Re: Australian Stuart Piano
By Michael Waters
|For those interested in the Stuart Piano, I was speaking to Wayne Stuart today in regard to his new piano that was on the ABC here recently.|
The picture that I have of this new innovation in piano construction is still a little sketchy. My conversation with Wayne didn't delve very deeply into the refines of its construction, except to say that the action hasn't changed that much but the rest has. I did mention to ask him about how much down-bearing it has (as asked in a previous digest) and he said "None" and that it doesn't need any! I'm no piano tech and don't profess to know all the mathematics behind piano construction, but I can't wait to see this instrument.
Peter Braun gave a perfect description of the changes in string vibration in an earlier posting:
> That is, the bridge pins are not offset relative to each other in the
> horizontal plane. The string passes into the new "bridge pin" in a
> straight line. This allows the string to vibrate in the vertical
> plane for longer. The normal bridge pin causes the string vibration
> to shift, over time, from the vertical plane (the plane in which it
> is struck by the hammer) to the horizontal plane, creating a circular
> motion. The relatively disorganized vibration is what causes the
> sound decay. With the vibration in a plane vertical to the sound
> board the energy is maintained for longer.
There has only been four uprights and two 9'-6" concert grands been made to date, so don't expect to see them in the US in any hurry. It is still in the development stage as the first piano was only built in mid-1993, being an upright. He is currently in the process of stringing his third concert grand. Most materials have been sort here in Australia, the cabinet being veneered in Australian Huon pine.
Development and research started in 1989 with Wayne heading it. I think he would be regarded as the top tech in Australia on pianos. Until last year he used to run the only course in Melbourne for under- graduates in piano construction. Now there isn't any such course available here in Australia, which is a sad day for piano owners here -- "What can we expect of our technicians of the future if there isn't appropriate education available."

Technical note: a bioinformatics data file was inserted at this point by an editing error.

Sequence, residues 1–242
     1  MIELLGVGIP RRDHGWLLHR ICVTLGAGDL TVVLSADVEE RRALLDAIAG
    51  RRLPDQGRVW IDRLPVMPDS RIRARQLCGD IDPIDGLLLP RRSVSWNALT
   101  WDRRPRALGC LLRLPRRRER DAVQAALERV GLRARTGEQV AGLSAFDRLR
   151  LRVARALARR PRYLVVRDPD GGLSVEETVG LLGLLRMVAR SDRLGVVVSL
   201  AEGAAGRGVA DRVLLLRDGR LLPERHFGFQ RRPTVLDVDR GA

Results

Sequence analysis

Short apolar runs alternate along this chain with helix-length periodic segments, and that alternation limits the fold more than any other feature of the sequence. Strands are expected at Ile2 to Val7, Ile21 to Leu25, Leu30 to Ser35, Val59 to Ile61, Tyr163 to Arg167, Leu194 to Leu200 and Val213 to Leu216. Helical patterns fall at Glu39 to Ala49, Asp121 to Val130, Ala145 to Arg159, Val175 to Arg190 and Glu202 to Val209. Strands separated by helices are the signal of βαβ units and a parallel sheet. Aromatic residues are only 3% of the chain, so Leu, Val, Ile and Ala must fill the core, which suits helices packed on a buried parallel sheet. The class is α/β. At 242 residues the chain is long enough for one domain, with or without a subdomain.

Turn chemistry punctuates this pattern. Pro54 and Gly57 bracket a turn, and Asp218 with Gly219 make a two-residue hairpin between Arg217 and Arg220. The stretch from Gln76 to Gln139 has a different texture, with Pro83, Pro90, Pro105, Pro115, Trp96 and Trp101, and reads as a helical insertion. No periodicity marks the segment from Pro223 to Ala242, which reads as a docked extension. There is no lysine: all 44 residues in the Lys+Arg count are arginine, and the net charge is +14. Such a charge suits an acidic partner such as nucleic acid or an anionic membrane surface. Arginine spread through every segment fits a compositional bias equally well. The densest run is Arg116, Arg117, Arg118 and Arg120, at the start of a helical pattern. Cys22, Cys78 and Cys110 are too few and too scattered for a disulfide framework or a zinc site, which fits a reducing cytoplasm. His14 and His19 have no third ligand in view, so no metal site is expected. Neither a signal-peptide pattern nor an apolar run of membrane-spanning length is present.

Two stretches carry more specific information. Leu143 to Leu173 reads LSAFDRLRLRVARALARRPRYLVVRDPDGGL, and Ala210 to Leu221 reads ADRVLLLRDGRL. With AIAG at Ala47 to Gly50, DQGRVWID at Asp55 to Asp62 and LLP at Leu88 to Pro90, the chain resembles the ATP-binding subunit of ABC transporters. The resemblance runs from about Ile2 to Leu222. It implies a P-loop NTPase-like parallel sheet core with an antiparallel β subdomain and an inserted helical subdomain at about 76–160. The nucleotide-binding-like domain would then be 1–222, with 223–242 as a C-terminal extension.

The Conservatory for Research and Development is where the main funding is coming from for this project, I think. They have the first concert grand piano in their Conservatory at Newcastle (on the east coast, south of Sydney).
Wayne tells me that it has been their for 18 months now, and that there is a very new Steinway there as well. Artists have the choice of either instrument to play, the prefered choice now being the Stuart piano. He said both were being used for a while but now the Steinway hardly gets used!! Maybe this piano could become a real rival -- "Look out, Steinway".
Having not heard it I can't give you much of an idea what it sounds like yet, except to say that he has pointed me in the right direction towards purchasing some CD's with performances played on this piano. Apparently there is about five of them, but I will keep you posted and let you know what they're like.
For those who are in Australia, "Beyond 2000" is screening as part of their program a segment on the "Stuart" Piano this weekend; I think it's on channel ten, but check your TV guide. If someone could tape it for me I would appreciate it, as we don't have the program here!
Overall I am following this with great interest and hoping to get to hear the piano in person in the near future. "Fancy a new innovation in piano technology coming out of Australia instead of the US!!!" ;-)
I know some of you are skeptical about this, but in my opinion don't be a knocker until you know all the facts, just as John Tuttle said:
> I think we have to remain very open minded when it comes to new
> technology and not simply judge a book by it's cover. Where would we
> be today if we listened to everyone who said, "That can't be done!"
> It's really not so inconceivable that a better mouse trap has been
> made. Thank God! I hate fixing split bass and high-treble bridges,
> and it's expensive too! Give the company a fair chance to prove
> themselves. I feel certain that many piano builders were initially
> sceptical of Joseph Chickering's over- strung scale but it
> significantly changed the way pianos are constructed. Maybe it's
> time for another BIG change. I would be thrilled to say it happened
> in my lifetime.
Well! That about does me; I think I have said enough. "You's can all make your own judgment," but please.... be condesending when making comments.
[ Thanks for the interview report, Michael. Has the piano performed
[ yet with a small symphony? I'm interested in the critic's reviews
[ of the piano in live concert without electronic aids. Has Mr. Stuart
[ published any technical papers about the design? -- Robbie
(Message sent Thu 2 Jan 1997, 12:38:08 GMT, from time zone GMT+1100.)